Looking for a movie to see tonight or this weekend? Check out our lineup of the best movies out right now, reviewed by Time Out New York critics. Click on a listing for full reviews, trailers and showtimes. Or consult our weekly curated list of the best movie screenings in NYC for more!
The best movies now playing
A triumph of well-matched sensibilities, Greta Gerwig's effervescent spin on Louisa May Alcott's sisterhood finds freshness in between the pages.
Sam Mendes marries technical virtuosity with jittery thrills and an emotional core to reinvent the Great War movie—and deliver possibly his best film.
A never-better Adam Sandler juggles a gambling addiction, a jewelry shop, a foundering marriage and a potential windfall in an intense high-stakes triumph.
Rural rhapsody gives way to Nazi nightmare in Terrence Malick’s best film in years.
The plot thickens in all sorts of weird and wonderful ways in this second helping of avatar-based giddiness.
Céline Sciamma’s glorious period romance is a master class of swelling passions in a time of stifling restraint.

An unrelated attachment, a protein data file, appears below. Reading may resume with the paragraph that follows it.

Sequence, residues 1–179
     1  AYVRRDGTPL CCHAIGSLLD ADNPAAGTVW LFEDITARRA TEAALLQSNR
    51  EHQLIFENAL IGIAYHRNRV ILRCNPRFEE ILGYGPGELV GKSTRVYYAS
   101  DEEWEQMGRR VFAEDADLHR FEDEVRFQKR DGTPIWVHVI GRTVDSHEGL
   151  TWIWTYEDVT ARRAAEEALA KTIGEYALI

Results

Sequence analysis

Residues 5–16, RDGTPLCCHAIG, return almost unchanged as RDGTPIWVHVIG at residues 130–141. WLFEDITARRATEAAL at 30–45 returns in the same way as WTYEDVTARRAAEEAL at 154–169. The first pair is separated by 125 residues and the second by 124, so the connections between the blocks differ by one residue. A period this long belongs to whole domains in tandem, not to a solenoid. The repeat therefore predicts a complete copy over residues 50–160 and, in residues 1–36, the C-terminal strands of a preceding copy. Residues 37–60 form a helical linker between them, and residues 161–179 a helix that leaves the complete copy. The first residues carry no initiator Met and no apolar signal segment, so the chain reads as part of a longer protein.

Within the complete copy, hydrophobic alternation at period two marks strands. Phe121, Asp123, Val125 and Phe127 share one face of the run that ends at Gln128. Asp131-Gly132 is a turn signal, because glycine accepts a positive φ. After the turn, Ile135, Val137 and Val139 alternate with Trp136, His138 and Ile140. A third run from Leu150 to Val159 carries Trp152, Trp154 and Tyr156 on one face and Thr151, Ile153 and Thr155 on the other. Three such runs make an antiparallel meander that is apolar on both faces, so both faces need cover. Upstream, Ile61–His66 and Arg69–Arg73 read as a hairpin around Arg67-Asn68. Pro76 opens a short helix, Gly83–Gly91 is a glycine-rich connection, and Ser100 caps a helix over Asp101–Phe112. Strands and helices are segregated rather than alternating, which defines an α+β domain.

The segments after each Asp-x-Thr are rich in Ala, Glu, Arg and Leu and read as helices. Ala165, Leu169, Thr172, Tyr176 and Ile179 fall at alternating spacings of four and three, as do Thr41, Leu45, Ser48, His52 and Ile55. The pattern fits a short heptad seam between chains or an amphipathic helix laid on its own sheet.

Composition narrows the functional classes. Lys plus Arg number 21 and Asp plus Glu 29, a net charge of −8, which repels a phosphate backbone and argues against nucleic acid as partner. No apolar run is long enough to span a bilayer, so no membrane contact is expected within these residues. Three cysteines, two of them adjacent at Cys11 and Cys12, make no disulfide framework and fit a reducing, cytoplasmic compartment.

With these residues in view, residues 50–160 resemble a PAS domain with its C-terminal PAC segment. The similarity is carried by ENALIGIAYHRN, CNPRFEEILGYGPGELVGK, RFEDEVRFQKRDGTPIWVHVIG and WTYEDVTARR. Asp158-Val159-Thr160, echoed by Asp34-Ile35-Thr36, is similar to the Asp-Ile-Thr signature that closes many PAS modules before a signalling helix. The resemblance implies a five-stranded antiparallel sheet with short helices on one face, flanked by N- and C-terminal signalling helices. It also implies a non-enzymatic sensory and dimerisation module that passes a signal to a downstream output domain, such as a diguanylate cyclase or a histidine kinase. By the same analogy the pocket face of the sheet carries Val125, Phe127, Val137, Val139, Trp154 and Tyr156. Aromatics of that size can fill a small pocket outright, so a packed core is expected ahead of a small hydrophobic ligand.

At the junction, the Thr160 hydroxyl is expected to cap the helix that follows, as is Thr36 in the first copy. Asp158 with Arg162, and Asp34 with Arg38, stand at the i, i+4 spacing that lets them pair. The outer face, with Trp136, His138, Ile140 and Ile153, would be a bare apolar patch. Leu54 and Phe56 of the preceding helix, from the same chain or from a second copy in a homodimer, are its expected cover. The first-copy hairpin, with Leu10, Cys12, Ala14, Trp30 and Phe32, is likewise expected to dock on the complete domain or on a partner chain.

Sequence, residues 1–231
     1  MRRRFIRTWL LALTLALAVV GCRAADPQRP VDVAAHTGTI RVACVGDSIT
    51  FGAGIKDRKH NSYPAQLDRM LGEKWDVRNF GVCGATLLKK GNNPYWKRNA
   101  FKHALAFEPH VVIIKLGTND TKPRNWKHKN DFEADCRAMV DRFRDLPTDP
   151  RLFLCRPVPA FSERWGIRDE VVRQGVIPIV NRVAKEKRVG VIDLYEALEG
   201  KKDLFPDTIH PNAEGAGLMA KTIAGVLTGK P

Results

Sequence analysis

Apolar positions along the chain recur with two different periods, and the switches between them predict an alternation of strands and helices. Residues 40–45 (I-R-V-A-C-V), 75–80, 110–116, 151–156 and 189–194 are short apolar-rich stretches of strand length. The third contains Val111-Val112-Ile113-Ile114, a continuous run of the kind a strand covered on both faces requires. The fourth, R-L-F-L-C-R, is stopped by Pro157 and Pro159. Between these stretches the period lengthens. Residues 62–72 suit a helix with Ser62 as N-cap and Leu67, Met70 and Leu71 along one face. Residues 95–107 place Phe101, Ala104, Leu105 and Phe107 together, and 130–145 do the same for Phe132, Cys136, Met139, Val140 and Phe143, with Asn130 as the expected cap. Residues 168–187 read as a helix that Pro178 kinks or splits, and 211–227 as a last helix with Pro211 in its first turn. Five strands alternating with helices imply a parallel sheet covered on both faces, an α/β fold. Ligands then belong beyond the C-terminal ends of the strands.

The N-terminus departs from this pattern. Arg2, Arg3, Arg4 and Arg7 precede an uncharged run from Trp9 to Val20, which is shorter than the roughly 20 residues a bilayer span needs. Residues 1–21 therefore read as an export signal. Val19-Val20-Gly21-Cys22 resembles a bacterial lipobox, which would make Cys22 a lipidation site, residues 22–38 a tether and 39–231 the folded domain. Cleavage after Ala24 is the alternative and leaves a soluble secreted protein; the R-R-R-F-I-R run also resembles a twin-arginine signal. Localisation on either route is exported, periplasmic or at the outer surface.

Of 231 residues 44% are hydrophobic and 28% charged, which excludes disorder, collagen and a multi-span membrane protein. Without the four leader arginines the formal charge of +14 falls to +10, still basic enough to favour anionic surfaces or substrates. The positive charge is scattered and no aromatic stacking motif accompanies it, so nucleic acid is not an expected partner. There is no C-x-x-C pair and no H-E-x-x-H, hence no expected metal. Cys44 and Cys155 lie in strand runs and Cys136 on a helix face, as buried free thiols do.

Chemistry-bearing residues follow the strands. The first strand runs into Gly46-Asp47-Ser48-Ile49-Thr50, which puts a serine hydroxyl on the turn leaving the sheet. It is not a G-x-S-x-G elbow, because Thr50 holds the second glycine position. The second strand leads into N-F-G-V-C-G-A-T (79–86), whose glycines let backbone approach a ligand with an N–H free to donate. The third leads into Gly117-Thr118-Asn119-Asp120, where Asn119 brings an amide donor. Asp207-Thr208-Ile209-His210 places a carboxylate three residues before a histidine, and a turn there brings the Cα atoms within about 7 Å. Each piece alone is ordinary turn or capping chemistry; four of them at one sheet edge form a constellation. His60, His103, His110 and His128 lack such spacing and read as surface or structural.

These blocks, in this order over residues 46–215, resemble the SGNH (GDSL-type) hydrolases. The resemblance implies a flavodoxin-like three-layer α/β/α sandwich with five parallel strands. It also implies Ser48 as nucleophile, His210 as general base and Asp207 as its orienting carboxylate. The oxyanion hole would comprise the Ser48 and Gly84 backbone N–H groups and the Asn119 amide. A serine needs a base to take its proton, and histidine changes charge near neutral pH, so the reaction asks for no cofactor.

Enveloping you in its vintage folds, Peter Strickland's hypnotic horror film turns fashion into a death sentence.
Like the Vatican's answer to I Love You, Man, this sprightly based-on-real-life drama stars Anthony Hopkins and Jonathan Pryce in a papal friendship.
A golden boy loses his footing—and a younger sister gains hers—in Trey Edward Shults’s radiant family tragedy.
Featuring powerhouse performances by Scarlett Johansson and Adam Driver, Noah Baumbach's divorce drama is a bruising tour de force.
Also in theaters now
Episode IX is a timid, disappointing finish to a sci-fi saga that aches for a stronger climax.
You knew it was going to be strange, but nothing can prepare you for this kind of magical awfulness, made with a claws-bared integrity.
The sexist snake pit that was Fox News under Roger Ailes comes to life in a dramatisation that, for all its real-life rage, feels cartoonish.
A real-life wrong-man story works best when it leans into the plight of its falsely accused hero, not when it's making accusations of its own.
Sophia Takal's update of the cult classic turns the real horror of campus assault into a springboard for cheap thrills.
Murder, skulduggery and an avalanche of plotting makes Rian Johnson's latest a retro pleasure for those who enjoy being dizzied.
After surviving a police stop that goes disastrously wrong, a couple hits the road in this racially charged update of a familiar formula.
Tom Hanks is a beaming, slightly cryptic Fred Rogers in a movie that's more about a journalist in need of a hug.
Given the talent involved, this drama about a quiet but deadly environmental disaster should have been more gripping.
The late documentarian's final work is a literal master class: a filmed lecture during which she rambles enjoyably through her greatest hits.